Toy Camera Dreams: Photos by Robert Holmgren and Joe Reifer Lucky Juju Pinball Art Gallery -- August 1-September 3, 2008 713 Santa Clara Ave, Alameda, CA [Map] Opening Friday August 1st, from 7-10 p.m. The art show is free, play pinball between 6 p.m. and midnight for $10
Since 2005 nearly the only camera I've used is a cheap toy camera --the Holga. With a plastic lens, single aperture, and guessed focusing, I produce pictures that hope to triumph over these limitations. Whenever I'm asked why I take pictures with a cheap plastic camera I find myself giving an answer something along the lines of, 'Well, aesthetically I'm conceptualizing an alternative to the dominant form of image capture vis a vis the digital realm'. The reality is closer to 'I don't know', but the answer likely to be somewhere around same reasons that people fix-up old cars, brew their own beer or play the ukulele. It's low art with outsized dreams. For my purposes I busy myself with the simple practice of looking at the real world, imagining it as a photograph, applying the craft of photography, and delighting in what comes of that. Simple pleasures.
Looking backwards informs me of what tendencies were in play; I like form and volume, light and dark, I like objects that are known but in a unknown context, they're the product of walks. Each find is like a gift that could not have previously been imagined. They're available to anyone but often I have the exclusive visual record. It is a reminder of how slowing down and mindless observation is often rewarded.
I'm honored to be showing work alongside Robert Holmgren whose images I've admired for years. So why do I make panoramic soft-focused mundane neighborhood snapshots with holes in them? Because it's fun. Really, that's the best reason for doing anything.
These images were made by shooting 35mm film in a Holga, which normally takes medium format film. This arrangement is literally held together with rubber bands and tape, like most of life, really. Perforated by sprocket holes and sometimes developed in the wrong chemistry, the process includes an unusual mix of control and chance operations. And it's fun. I hope you enjoy the show! --------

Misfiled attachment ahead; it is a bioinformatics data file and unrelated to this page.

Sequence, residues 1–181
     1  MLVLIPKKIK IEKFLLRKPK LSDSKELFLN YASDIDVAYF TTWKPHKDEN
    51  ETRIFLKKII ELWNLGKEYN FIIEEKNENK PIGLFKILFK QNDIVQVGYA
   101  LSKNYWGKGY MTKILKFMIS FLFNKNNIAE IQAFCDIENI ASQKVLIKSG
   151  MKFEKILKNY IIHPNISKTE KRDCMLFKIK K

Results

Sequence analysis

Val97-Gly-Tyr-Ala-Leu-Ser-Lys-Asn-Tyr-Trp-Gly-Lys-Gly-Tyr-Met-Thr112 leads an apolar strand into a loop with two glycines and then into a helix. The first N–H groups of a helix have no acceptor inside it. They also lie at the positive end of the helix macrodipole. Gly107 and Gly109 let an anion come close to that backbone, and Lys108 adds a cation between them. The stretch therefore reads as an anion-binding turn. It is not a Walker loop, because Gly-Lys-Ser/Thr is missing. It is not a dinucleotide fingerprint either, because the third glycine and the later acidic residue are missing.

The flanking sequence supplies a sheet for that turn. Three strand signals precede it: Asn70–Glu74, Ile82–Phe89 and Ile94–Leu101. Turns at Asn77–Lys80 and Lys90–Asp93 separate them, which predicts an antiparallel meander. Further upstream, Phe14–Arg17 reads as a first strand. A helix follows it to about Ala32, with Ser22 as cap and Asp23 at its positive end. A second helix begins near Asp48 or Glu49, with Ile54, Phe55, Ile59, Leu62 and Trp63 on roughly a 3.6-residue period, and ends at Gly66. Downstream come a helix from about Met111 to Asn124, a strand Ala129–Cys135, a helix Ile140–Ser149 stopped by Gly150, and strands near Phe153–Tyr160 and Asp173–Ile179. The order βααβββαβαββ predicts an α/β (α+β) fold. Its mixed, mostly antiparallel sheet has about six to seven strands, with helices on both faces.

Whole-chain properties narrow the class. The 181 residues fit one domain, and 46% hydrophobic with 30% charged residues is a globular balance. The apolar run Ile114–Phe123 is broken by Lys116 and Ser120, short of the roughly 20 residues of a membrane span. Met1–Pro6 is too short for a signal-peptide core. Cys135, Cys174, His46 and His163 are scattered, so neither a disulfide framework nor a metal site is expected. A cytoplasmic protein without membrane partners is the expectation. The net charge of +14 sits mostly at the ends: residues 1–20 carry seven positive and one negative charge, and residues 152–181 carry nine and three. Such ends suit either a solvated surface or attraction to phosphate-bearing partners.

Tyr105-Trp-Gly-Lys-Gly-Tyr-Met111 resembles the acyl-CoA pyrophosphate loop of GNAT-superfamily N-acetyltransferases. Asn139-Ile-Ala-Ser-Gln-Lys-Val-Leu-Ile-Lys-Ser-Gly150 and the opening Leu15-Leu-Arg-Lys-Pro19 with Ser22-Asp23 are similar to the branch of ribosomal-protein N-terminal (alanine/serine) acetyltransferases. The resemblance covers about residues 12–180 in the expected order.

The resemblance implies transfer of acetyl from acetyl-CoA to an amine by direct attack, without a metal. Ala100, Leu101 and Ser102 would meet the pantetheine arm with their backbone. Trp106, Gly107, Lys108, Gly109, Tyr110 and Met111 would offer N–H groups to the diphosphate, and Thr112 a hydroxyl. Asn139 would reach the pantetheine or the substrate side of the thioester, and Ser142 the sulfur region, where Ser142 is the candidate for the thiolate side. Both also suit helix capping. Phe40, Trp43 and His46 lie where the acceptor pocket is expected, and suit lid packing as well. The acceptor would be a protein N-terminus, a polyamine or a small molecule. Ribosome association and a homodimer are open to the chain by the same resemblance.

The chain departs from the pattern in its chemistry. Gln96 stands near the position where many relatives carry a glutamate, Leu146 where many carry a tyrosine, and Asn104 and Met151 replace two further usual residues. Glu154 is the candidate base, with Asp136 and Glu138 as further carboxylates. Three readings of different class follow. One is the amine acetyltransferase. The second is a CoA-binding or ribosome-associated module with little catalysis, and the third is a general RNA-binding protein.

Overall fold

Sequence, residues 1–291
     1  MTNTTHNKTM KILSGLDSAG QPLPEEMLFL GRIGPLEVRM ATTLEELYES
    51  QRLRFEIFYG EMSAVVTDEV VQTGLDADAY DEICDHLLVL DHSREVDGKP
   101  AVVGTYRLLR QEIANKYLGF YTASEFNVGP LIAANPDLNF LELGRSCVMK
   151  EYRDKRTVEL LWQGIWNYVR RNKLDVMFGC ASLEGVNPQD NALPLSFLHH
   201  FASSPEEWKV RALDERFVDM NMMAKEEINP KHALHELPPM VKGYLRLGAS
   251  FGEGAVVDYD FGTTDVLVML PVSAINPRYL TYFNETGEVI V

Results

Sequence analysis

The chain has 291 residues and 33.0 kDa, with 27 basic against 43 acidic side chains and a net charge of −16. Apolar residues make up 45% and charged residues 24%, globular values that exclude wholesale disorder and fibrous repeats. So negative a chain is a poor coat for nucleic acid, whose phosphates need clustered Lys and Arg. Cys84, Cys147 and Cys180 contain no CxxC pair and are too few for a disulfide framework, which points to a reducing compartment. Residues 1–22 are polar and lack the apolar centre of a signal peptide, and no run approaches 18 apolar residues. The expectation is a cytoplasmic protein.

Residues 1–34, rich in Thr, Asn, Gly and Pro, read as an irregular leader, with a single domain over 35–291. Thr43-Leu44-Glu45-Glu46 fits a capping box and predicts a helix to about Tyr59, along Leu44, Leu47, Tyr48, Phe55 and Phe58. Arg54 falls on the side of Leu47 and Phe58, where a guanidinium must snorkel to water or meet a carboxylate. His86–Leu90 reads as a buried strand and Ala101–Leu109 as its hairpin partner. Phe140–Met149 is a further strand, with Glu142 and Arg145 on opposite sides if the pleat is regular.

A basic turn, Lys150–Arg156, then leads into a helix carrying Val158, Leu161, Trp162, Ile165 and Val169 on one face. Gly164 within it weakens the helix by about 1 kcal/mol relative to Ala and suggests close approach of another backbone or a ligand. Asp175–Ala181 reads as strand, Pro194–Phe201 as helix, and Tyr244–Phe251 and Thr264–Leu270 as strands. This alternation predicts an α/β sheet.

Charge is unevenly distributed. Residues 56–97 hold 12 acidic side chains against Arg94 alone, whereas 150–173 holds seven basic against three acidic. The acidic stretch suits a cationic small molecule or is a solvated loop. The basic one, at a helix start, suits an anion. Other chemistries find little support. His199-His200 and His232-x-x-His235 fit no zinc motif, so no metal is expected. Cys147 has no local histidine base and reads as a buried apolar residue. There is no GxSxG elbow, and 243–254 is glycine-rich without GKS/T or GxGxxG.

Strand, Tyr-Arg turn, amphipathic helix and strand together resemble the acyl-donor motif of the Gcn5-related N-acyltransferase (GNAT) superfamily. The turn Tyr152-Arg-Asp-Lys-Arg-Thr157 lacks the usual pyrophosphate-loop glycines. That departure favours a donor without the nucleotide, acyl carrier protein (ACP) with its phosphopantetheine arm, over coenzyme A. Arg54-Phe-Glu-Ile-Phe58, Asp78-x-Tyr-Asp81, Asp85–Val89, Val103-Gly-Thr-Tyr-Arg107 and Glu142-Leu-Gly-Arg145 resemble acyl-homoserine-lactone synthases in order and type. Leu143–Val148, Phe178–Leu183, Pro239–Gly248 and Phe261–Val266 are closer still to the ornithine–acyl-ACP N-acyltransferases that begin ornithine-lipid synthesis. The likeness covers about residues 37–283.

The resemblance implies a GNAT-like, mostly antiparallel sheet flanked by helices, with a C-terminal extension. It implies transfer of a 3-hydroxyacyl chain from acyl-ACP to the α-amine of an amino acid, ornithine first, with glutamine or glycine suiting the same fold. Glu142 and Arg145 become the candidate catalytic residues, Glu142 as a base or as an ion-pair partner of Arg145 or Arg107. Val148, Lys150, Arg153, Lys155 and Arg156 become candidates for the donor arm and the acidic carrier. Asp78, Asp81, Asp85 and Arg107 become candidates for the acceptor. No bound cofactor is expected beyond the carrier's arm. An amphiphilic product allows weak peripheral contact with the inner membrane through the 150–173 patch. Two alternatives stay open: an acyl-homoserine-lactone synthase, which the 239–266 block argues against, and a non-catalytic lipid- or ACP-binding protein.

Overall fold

About the Artists
Robert Holmgren is a photographer who lives in Menlo Park, CA. His first involvement with photography came during his time in the US Navy--the ship he was assigned to was homeported at NAS Alameda. Upon leaving he furthered his photographic knowledge at Southern Illinois University and the San Francisco Art Institute. For over 20 years Holmgren earned his living taking freelance photo assignments for national magazines. Some of his personal photography is in collections at The Museum of Modern Art in New York, the Minneapolis Institute of Art and the Tokyo Metropolitan Museum of Photography. Additional work can be viewed on http://robertholmgren.com or on the photo sharing website Flickr.
Joe Reifer lives in Berkeley, and is primarily obsessed with night photography. His body of night work focuses on temporary, obsolete, abandoned, and derelict sites. He also enjoys shooting mundane suburban neighborhoods in the daytime with toy cameras. An apartment with stone facing, shrubberies, a jet ski in the side yard – all become strange dream fodder embedded in a fuzzy snapshot. Visit Joe's website and blog.
Update: Mike Johnston picked up Robert's image over on The Online Photographer. Thanks!
Update: Here's a great interview with Robert Holmgren from last year on Chris Keeney's site.